The times are catching up: Print journalism is dead

When was the last time you read through an actual newspaper?

Chances are, it has been quite a long time since you had ink smeared all over your fingers while not laughing at the cartoon section of your local newspaper.

Newspapers have been in steady decline since 2008, and with the ever-evolving world of media, print journalism is on its last leg. However, this is not the end for journalism, it is only the beginning of a new era.

According to the Pew Research Center, 86% of U.S. adults get their news from their smartphones, tablets or computers. This is followed by television at 68% and with print publications at the bottom at a staggering 32%.

More and more Americans are getting their news through electronic devices and two platforms are being used for news between two widely different audiences.

42% of Americans aged 18-29 are primarily getting their news from social media platforms such as Twitter, Facebook or Instagram, and 33.4% of Americans 30 and older are getting their news from websites and apps of reputable news companies, according to data from the Pew Research Center.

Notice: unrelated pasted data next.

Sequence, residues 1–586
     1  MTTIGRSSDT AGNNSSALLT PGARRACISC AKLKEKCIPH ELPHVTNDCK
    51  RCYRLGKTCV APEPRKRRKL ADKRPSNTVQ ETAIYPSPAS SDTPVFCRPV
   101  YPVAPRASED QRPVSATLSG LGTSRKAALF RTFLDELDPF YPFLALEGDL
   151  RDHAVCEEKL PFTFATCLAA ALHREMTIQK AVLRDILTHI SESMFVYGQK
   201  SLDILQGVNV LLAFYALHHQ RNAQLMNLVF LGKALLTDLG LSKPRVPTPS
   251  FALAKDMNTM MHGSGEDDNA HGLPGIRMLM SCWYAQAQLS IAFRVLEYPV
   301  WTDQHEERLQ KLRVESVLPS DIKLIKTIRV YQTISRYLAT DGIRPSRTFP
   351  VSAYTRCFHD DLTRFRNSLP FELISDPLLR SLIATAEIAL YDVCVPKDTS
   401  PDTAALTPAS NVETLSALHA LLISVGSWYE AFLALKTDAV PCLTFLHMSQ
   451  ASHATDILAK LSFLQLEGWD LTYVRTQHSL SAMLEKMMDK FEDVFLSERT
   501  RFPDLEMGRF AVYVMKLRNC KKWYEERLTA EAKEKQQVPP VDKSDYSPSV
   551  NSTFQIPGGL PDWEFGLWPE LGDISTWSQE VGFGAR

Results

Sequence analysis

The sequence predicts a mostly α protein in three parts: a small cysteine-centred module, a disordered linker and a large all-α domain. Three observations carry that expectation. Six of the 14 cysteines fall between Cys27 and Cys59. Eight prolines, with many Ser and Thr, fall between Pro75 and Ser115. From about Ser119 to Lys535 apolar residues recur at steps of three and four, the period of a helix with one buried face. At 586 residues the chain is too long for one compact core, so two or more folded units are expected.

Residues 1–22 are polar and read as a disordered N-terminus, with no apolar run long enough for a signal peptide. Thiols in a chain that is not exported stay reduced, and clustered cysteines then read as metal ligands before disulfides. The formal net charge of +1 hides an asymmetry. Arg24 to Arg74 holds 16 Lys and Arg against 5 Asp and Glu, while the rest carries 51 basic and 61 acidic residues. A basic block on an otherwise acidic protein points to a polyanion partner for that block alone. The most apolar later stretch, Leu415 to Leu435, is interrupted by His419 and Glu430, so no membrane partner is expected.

From this data, it is safe to say that major newspapers like The New York Times are moving to an online format and making their money from online subscriptions and ad revenue.

But it is not just major news publications—our very own newspaper, The Lion’s Roar, is focusing on making content for their website and social media—not to mention funny TikToks—and ceasing production on their physical newspaper due to the pandemic.

What was once a profitable and practical way for Americans to get their news, newspapers have not stood the test of time, and like many old-fashioned mediums; are on their death’s bed.

The decline of print journalism deals a big blow to journalism as a whole but not all is lost. If the free press is to survive, then we must listen to the data and adapt with our ever-changing world so as to not fade away.